How can I invest with just a little bit of money?
What kind of stocks are the best to start with a little money?--Tomaz
The stock market is red hot: The Dow hit a record 23,000 points in October and it's up 18% so far this year.
So you're not the only one who wants in on the action: More than half of Americans own stock.
As long as you've already got enough emergency savings, investing a little extra cash in the market is a great way to start growing your money.
"No amount is too small to get started," says LJPR Financial Advisors CEO Leon LaBrecque. "Spare change can really add up."
Starting out when you're young is even more valuable because there's more time for your investments to grow.
So what's the game plan? Should you buy big names? What about exchange traded funds (ETFs)?
CNNMoney spoke with the pros to help you cut through the noise and make smart financial choices as you dive into the market.
Don't put all of your eggs in one basket
Experts agree that if you don't have much money, it's best to avoid investing in individual stocks. That's because having a broad range of investments will substantially lower your risk.
"Diversified mutual funds or exchange traded funds (ETFs) are the best way to grow," says Luxenberg. "Picking one or a handful of stocks is a crapshoot and one could hit a home run but more likely you'll strike out."
Mutual funds, which are operated by professional fund managers, allow you to pool together smaller amounts of money with other investors to create a diversified mix of stocks, bonds or other securities. You'll own a slice of the total pie.
These funds give you a variety of options and maximize your exposure to a swath of the market. The idea is that by spreading out your money, you're less likely to get burned by one or two poor-performing stocks.
Luxenberg recommends a fund that gives you a chunk of the whole market. Vanguard has several mutual fund options, including ones tied to international indexes or emerging markets. Fidelity and Charles Schwab also have a variety of funds to choose from that will track an entire index.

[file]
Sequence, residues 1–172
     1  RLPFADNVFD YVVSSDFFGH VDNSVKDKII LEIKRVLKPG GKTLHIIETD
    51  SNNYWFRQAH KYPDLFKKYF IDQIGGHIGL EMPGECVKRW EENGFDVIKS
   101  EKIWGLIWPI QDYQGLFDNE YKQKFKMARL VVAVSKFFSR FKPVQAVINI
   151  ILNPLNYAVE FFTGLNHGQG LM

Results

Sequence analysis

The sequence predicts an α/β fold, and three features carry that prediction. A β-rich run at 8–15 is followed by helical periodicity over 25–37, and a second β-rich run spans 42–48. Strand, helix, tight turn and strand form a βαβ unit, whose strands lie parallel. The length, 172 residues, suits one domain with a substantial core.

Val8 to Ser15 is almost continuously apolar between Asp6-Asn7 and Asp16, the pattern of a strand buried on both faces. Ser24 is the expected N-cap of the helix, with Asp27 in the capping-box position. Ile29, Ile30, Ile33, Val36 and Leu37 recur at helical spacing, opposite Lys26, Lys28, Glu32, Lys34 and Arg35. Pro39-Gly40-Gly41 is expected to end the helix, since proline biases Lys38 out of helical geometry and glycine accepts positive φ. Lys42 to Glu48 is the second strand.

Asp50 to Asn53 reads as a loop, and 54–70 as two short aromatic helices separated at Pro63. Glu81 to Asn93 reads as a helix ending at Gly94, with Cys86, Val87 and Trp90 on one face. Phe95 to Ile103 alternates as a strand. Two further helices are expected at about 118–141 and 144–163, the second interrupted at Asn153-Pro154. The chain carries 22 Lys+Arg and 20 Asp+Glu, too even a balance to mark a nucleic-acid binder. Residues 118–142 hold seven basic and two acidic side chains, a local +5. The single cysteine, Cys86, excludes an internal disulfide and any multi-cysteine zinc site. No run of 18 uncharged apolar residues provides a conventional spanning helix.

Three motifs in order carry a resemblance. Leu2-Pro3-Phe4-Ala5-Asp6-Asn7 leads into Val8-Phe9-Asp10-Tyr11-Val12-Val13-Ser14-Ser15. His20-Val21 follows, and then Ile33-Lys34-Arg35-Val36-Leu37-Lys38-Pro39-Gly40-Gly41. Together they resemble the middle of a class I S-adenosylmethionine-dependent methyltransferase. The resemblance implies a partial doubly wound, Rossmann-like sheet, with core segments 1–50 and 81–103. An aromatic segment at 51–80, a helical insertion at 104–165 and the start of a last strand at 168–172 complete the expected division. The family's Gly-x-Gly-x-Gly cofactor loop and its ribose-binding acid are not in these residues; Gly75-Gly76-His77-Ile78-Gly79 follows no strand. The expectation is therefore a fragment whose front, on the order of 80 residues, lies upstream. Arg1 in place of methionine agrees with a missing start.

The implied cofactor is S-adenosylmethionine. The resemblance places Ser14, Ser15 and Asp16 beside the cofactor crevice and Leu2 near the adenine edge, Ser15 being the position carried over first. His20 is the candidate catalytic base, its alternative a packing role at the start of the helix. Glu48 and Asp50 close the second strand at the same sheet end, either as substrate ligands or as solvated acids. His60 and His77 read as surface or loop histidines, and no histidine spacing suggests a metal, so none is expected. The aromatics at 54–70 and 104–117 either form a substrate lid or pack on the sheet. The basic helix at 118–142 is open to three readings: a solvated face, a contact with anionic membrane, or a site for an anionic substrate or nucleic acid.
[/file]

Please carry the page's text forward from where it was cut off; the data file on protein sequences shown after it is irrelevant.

ETFs have become another great way to diversify. Much like mutual funds, they also track entire sectors or major indexes, but they're traded on exchanges just like stocks and usually have lower fees than mutual funds.
An ETF like SPDR (SPY), which tracks the S&P 500's performance, is a popular play. It has grown nearly 25% over the past three years.
You can also invest in an ETF that follows whole industries like tech, aerospace or pharmaceuticals.
Financial professionals stress keeping your account fees low, especially If you only have a little bit of money to invest.
"You don't want to incur high commissions or high fees because that really eats into your investment." says Luxenberg.
With the rise of low-fee ETFs, be wary of paying more than 0.4 or 0.5% in fees. Fund managers usually charge a bit more in fees than an account you'll manage yourself. But funds that follow indexes usually charge less than actively managed funds.
Plenty of new investing apps will save you money on fees, and allow you to invest with as little as $1.
Robinhood launched in 2015 and offers free trades. All you need is enough money to buy a single share.
Acorns, which charges $1 a month until you hit $5,000 (then you pay a 0.25% fee), links to your debit card and automatically rounds up your change to the next dollar. The app invests that extra change into an investment account.
If you're having trouble deciding which stocks to buy, consider Betterment and Wealthfront. The apps ask you basic questions about your age, income, goals and risk-level, and selects a portfolio that makes sense based on sophisticated computer models.
Betterment offers fees ranging from 0.15% - 0.35% depending on how much money you invest and you only need $1 to start. You'll need $500 to start with Wealthfront, but the app manages your money for no cost up to $10,000.
FeeX can also help you track your fees. The website is free and analyzes your accounts to tell you whether your fees might be too high.